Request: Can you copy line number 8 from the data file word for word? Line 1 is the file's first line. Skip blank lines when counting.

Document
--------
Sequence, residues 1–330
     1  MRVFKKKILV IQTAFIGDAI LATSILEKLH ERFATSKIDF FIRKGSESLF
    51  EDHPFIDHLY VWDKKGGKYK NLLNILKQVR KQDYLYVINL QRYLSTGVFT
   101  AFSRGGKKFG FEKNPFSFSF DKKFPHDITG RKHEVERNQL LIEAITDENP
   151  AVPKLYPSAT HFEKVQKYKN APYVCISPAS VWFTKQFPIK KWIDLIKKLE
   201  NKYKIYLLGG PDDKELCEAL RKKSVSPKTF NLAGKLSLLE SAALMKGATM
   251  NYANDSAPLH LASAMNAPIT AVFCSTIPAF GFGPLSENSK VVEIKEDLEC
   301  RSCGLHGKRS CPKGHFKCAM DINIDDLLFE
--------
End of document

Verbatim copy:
   301  RSCGLHGKRS CPKGHFKCAM DINIDDLLFE